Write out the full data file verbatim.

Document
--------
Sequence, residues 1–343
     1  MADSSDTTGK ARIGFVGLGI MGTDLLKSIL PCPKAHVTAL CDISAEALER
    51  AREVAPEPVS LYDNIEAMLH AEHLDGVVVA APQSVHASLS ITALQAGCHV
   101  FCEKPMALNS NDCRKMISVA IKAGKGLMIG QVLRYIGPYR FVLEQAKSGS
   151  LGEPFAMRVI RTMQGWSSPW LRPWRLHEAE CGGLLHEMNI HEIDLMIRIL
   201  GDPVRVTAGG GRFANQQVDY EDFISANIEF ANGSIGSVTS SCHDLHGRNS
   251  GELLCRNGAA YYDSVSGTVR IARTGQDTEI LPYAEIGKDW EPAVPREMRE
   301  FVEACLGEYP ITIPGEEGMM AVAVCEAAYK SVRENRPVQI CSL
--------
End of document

Sequence, residues 1–343
     1  MADSSDTTGK ARIGFVGLGI MGTDLLKSIL PCPKAHVTAL CDISAEALER
    51  AREVAPEPVS LYDNIEAMLH AEHLDGVVVA APQSVHASLS ITALQAGCHV
   101  FCEKPMALNS NDCRKMISVA IKAGKGLMIG QVLRYIGPYR FVLEQAKSGS
   151  LGEPFAMRVI RTMQGWSSPW LRPWRLHEAE CGGLLHEMNI HEIDLMIRIL
   201  GDPVRVTAGG GRFANQQVDY EDFISANIEF ANGSIGSVTS SCHDLHGRNS
   251  GELLCRNGAA YYDSVSGTVR IARTGQDTEI LPYAEIGKDW EPAVPREMRE
   301  FVEACLGEYP ITIPGEEGMM AVAVCEAAYK SVRENRPVQI CSL